but he would not allow strikes to paralyze the nation. He used executive orders
and court injunctions to end the strikes, offending labor unions in the process.

Truman was the central figure in three controversial issues concerning the
military. First, he insisted on transferring control and development of nuclear
energy from the military to the civilian Atomic Energy Commission and on placing
authority to use the bomb solely with the president. Second, he persuaded

Congress to unify the armed forces under a civilian secretary of defense. Third,

Truman ordered the armed forces of the United States desegregated after Congress
refused to do so. This decision, plus the military requirements of the Korean

War, ended most discrimination in the U.S. Army and gave black men an
opportunity for economic advancement denied them in many other areas. Truman had
at first retained Rooseveltís Cabinet, but he soon felt uncomfortable with it.

By September 1946 only Secretary of the Navy James V. Forrestal remained. New

Deal supporters particularly objected to the removal of Secretary of Commerce

Henry A. Wallace, although he had publicly criticized Trumanís foreign policy,
including its increasingly hostile attitude toward the USSR. Congressional

Election of 1946 As the congressional campaigns began, even Democrats were
divorcing themselves from Trumanís programs. By using the Democratic
discontent and the issues of rising inflation, scarcity of meat, and labor
unrest, the Republicans scored a resounding victory, capturing both houses of

Congress. In his 1947 State of the Union message, Truman requested a law to
strengthen the Department of Labor, establish a labor-management relations
commission, and end jurisdictional and secondary strikes. Instead, Congress
presented him with its Labor-Management Relations Act of 1947, the Taft-Hartley

Act that greatly weakened the position of labor unions. The act outlawed
union-only workplaces; prohibited certain union tactics like secondary boycotts;
forbade unions to contribute to political campaigns; established loyalty oaths
for union leaders; and allowed court orders to halt strikes that could affect
national health or safety. Truman vetoed the bill, but on June 23, 1947, the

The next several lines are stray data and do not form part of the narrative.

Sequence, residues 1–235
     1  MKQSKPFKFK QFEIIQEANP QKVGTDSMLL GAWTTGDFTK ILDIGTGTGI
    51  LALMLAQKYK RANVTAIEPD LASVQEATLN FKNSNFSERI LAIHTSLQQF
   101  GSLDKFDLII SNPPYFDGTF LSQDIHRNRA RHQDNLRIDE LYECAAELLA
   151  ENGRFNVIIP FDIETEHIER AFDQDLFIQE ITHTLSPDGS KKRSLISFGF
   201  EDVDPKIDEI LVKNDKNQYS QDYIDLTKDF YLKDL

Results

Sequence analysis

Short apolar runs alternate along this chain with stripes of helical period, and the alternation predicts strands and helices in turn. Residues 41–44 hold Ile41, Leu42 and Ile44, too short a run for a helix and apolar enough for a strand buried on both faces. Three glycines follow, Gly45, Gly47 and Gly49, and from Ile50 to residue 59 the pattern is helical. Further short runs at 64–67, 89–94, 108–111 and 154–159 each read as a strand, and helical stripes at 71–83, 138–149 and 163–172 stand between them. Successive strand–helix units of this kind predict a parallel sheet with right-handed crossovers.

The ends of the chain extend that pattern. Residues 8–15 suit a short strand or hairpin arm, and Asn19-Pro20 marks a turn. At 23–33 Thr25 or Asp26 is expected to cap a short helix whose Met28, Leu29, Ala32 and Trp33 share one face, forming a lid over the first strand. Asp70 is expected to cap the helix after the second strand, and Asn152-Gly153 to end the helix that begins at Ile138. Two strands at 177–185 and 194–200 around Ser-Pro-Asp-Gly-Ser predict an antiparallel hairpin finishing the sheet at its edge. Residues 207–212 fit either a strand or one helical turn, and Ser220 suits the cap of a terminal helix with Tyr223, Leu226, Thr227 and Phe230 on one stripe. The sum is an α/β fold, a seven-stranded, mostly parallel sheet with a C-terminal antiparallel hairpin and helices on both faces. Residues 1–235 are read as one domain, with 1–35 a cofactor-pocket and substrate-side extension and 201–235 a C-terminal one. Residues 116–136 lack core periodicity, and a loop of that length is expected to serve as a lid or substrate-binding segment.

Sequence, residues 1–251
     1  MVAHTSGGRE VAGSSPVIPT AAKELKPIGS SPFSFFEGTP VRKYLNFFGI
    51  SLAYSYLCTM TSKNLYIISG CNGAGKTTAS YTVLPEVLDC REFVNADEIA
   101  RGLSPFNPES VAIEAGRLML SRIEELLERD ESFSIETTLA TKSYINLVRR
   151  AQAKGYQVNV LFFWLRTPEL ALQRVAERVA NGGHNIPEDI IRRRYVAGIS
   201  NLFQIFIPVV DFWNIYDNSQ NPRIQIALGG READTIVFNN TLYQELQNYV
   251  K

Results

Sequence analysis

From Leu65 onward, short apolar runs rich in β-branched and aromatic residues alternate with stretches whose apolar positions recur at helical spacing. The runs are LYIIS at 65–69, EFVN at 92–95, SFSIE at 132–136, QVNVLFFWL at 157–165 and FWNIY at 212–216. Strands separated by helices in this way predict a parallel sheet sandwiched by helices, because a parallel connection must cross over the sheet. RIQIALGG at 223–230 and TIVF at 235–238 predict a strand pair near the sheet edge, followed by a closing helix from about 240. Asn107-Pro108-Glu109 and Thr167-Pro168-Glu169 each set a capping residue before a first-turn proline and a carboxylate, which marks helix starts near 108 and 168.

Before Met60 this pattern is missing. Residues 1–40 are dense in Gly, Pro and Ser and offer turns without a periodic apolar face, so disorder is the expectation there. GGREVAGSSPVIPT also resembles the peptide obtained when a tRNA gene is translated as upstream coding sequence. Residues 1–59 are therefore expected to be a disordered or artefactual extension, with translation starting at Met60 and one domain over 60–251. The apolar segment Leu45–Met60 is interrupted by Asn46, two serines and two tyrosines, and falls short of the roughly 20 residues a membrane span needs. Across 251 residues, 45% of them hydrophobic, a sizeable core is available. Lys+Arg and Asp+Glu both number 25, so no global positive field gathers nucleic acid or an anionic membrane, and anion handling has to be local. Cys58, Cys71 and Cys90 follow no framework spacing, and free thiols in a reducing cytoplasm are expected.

bill was passed over his veto. Instead of writing anti-inflation legislation,

Congress voted a tax-cut bill giving 40 percent of the relief to those with
incomes in excess of $5000. The bill became law over Trumanís veto. The
president once again failed to gather support for his employment, national
health, or social security measures. Foreign Policy Truman Doctrine Although the

United States and the USSR had been allies against Germany during the war, this
alliance began to dissolve after the end of the war, when Stalin, seeking Soviet
security, began using the Soviet Army to control much of Eastern Europe. Truman
opposed Stalinís moves. Mistrust grew as both sides broke wartime agreements.

Stalin failed to honor pledges to hold free elections in Eastern Europe. Truman
refused to honor promises to send reparations from the defeated Germany to help
rebuild the war-devastated USSR. This hostility became known as the Cold War. In

1947 British Prime Minister Attlee told Truman that a British financial crisis
was forcing Great Britain to end its aid to Greece. At the time the USSR was
demanding naval stations on the Bosporus from Turkey, and Greece was engaged in
a civil war with Communist-dominated rebels. The president proposed what was
called the Truman Doctrine, which had two objectives: to send U.S. aid to
anti-Communist forces in Greece and Turkey, and to create a public consensus so

Americans would be willing to fight the Cold War. Truman told Congress that"it must be the policy of the United States to support free peoples who are
resisting attempted subjugation by armed minorities or by outside pressures."

Congress fulfilled his request for $250 million for Greece and $150 million for

Turkey. Marshall Plan Trumanís trip to Potsdam and reports from former

President Herbert Hoover (1929-1933), who headed a postwar food commission, gave
him an intimate knowledge of the problems of war-torn Europe. With General